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Home :: Archive :: 1998 :: January ::
Re: Modern Adaptations
The Shakespeare Conference: SHK 9.0064  Tuesday, 20 January 1998.

[1]     From:   Gerda Grice <
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        Date:   Monday, 19 Jan 1998 11:40:23 -0500 (EST)
        Subj:   Re: SHK 9.0059 Re: Modern Adaptations

[2]     From:   Tanya Gough <
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        Date:   Monday, 19 Jan 1998 12:03:04 -0500
        Subj:   Shakespeare on Film

[3]     From:   Hugh Howard Davis <
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        Date:   Monday, 19 Jan 1998 13:49:48 -0500 (EST)
        Subj:   Re: SHK 9.0059  Re: Modern Adaptations

[4]     From:   David Small <
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        Date:   Tuesday, 20 Jan 1998 11:36:51 -0500
        Subj:   Books on Shakespearean films


[1]-----------------------------------------------------------------
From:           Gerda Grice <
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Date:           Monday, 19 Jan 1998 11:40:23 -0500 (EST)
Subject: 9.0059 Re: Modern Adaptations
Comment:        Re: SHK 9.0059 Re: Modern Adaptations

Has anyone mentioned Maxwell Anderson's play _Winterset_ (1935)?  It is
an adaptation of _Romeo and Juliet_.

Gerda Grice
Ryerson Polytech University
Toronto, Canada

[2]-----------------------------------------------------------------
From:           Tanya Gough <
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Date:           Monday, 19 Jan 1998 12:03:04 -0500
Subject:        Shakespeare on Film

Yes, yes, here I am.  A few notes on the Shax film titles flying about:

Kurosawa's brilliant (and I might add, on my all-time personal top 5) is
sadly out of print.  They just re-released a bunch of Kurosawa titles,
but Ran was not among them.  Send an e-mail to me at 
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  if
you want this title released NOW.  (Don't mail to the list - Hardy hates
sorting my mail.)

Hugh asked about Jarman's _Tempest_ .  It's not available through any of
my channels, so perhaps one of you would be so kind as to lend it to
him.

Of the Richard Nathan list, the plays "Boys from Syracuse" and "Your Own
Thing" are not currently available.  Kiss Me Kate is, and West Side
Story just became available again.

If anyone knows of a print of Joe Macbeth for sale, please let me know.
A Thousand Acres is still high price, and I have not been able to trace
either Catch My Soul or Jubal.  Our Relations is also not available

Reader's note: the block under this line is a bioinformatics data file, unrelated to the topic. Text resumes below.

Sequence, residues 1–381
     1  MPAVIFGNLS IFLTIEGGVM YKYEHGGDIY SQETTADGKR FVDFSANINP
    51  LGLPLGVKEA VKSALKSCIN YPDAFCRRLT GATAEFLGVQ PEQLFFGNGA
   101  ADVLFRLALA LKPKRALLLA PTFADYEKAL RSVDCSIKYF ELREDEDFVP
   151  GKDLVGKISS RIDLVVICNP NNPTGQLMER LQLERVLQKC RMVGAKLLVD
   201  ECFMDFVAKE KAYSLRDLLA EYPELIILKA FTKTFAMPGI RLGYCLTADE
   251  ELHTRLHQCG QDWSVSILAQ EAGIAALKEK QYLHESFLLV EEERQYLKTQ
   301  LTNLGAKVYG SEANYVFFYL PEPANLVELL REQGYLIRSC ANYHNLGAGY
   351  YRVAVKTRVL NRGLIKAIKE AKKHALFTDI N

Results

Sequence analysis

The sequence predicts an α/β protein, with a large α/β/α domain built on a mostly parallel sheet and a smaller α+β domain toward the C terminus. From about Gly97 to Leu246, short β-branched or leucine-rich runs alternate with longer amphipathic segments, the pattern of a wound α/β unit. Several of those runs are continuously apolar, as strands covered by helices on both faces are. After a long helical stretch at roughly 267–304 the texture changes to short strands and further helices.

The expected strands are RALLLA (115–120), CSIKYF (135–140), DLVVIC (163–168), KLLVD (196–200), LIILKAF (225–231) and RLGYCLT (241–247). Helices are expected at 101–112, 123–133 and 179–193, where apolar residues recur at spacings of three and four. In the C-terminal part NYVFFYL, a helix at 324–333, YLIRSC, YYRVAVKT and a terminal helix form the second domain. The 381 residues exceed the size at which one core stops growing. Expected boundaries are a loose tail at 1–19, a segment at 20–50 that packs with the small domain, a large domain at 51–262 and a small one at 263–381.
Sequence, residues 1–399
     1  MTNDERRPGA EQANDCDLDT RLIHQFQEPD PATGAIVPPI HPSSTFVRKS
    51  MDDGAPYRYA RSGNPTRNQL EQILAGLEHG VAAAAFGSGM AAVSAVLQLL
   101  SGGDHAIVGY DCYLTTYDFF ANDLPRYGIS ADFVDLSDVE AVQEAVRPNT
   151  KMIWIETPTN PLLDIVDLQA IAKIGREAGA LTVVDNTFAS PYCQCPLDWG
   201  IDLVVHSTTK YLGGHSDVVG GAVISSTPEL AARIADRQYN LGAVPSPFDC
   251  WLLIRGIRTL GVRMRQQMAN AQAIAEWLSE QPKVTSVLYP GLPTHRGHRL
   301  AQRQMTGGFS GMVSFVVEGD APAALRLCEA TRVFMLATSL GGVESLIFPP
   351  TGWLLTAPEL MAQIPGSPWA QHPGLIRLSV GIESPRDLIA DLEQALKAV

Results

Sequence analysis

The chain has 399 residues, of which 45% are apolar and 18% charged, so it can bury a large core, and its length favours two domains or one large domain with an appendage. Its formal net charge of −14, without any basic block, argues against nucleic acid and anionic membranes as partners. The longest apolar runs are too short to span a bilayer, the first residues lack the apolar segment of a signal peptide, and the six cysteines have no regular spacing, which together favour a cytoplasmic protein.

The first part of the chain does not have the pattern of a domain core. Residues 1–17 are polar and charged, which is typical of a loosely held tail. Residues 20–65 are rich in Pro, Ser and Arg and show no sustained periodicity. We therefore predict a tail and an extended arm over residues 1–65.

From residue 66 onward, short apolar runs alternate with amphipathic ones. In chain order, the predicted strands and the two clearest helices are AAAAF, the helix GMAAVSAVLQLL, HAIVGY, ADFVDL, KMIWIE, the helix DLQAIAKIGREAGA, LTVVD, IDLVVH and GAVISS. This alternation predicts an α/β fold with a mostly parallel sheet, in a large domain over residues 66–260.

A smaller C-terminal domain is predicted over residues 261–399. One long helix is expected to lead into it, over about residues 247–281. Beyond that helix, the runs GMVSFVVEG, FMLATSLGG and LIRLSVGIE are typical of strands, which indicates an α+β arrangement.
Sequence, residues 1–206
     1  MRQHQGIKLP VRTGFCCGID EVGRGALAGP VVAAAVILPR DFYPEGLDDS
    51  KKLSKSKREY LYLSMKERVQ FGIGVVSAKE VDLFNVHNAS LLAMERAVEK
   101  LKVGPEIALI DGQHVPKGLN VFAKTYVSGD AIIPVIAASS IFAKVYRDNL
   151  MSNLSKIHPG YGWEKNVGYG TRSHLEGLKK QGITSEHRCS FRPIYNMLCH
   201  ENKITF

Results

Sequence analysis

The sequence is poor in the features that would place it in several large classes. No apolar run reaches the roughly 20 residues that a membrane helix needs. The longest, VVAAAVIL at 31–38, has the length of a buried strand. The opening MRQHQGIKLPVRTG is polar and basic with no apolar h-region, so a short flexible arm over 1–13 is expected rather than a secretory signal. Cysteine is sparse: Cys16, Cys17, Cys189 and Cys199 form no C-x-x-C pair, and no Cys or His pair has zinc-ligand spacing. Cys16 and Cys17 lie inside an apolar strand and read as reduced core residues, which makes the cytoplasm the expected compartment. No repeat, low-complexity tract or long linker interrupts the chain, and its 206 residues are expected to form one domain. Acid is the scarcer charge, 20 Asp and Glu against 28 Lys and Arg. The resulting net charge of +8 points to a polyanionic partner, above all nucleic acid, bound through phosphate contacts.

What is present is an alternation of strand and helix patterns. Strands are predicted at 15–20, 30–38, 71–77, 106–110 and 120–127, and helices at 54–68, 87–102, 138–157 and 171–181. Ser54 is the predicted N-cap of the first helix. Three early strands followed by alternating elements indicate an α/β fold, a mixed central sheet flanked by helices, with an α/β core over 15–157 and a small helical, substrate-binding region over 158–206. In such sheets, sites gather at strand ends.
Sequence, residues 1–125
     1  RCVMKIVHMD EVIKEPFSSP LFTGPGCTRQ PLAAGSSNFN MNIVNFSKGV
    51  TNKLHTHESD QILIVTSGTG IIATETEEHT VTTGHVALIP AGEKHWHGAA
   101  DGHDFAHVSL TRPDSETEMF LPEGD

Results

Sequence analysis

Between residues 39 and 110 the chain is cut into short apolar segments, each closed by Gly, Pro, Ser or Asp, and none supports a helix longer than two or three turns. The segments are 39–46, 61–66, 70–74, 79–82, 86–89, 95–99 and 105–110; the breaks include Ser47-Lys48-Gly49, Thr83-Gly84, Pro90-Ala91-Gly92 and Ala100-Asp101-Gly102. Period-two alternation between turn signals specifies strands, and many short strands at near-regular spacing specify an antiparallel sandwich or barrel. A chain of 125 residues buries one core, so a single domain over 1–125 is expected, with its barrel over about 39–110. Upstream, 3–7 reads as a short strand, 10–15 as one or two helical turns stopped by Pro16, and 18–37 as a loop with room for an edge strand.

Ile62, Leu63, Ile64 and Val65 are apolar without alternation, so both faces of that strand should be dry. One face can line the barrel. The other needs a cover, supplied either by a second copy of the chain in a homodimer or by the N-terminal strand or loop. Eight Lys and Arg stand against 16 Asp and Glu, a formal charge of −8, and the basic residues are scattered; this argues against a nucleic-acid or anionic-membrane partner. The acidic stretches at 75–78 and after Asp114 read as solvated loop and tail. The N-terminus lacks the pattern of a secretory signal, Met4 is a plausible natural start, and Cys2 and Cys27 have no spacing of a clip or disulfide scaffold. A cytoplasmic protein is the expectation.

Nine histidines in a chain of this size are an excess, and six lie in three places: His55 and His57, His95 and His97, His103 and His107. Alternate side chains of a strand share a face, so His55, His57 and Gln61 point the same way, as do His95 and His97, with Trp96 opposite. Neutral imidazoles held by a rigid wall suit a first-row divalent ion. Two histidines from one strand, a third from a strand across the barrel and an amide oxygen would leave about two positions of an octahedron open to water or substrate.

right now.

By the way, Gus Van Sant's My Own Private Idaho is in fact based on HIV
parts 1 and 2, but the influence is actually via Orson Welles' Chimes at
Midnight.  The entire section of the Van Sant film became infinitely
more palatable for me once I figured that out.

Hope that helps.

Tanya Gough

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[3]-----------------------------------------------------------------
From:           Hugh Howard Davis <
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Date:           Monday, 19 Jan 1998 13:49:48 -0500 (EST)
Subject: 9.0059  Re: Modern Adaptations
Comment:        Re: SHK 9.0059  Re: Modern Adaptations

On the subject of adaptations, I have read Richard Nathan's vaudevillian
Shakespearian turns, and they are quite enjoyable.  I don't know how
they read for those less acquainted with the particular acts/schtick of
the comedians (and, as such, how performances would go), but, as a fan
of old time performers, I thought Mr. Nathan did an expert job.  I look
forward to "Abbot and Costello meet MacDuff."  These are highly
recommended to all.

Hugh Davis

[4]-----------------------------------------------------------------
From:           David Small <
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Date:           Tuesday, 20 Jan 1998 11:36:51 -0500
Subject:        Books on Shakespearean films

With the recent postings about Shakespearean films and modern
adaptations, I thought I would refer people to a few of the books I have
on the subject.

WALKING SHADOWS: SHAKESPEARE IN THE NATIONAL FILM AND TELEVISION
ARCHIVE.  Edited by Luke McKernan and Olwen Terris.  Published by the
British Film Institute.  ISBN 0-85170-486-7.   As its title implies, its
a directory of Shakespearean films in the National Archives, including
adaptations like Throne of Blood.  The collection is so extensive, it
even includes non-Shakespearean films that incorporate Shakespearean
elements.  Each listing comes with a mini review.

FILMING SHAKESPEARE'S PLAYS by Anthony Davies.  Cambridge University
Press.  ISBN 0-521-39913-0.  Mr. Davies reviews the films of Welles,
Olivier, Kurosawa, and others, with particular attention to
cinematography and set design.

SHAKESPEARE AND THE MOVING IMAGE edited by Anthony Davies and Stanley
Wells.  Cambridge University Press.  ISBN 0-521-43573-0.  A collection
of essays.

SHAKESPEARE THE MOVIE edited by Lynda E. Boose and Richard Burt.
Routledge [Books]  ISBN 0-45-16585-7.  Also a collection of essays.

These are all thought-provoking books, well worth adding to your
Shakespeare libraries.

Also of interest are the published screenplays of Ian Mckellen's RICHARD
III and Branaugh's HAMLET, HENRY V (just published), and MUCH ADO ABOUT
NOTHING.  Regardless of what you may have thought about any of these
films, if you are struggling with adapting Shakespeare for the screen
(as I am), they are veritable gold mines, with notes and diaries from
the productions.

Regards to all,
David Small

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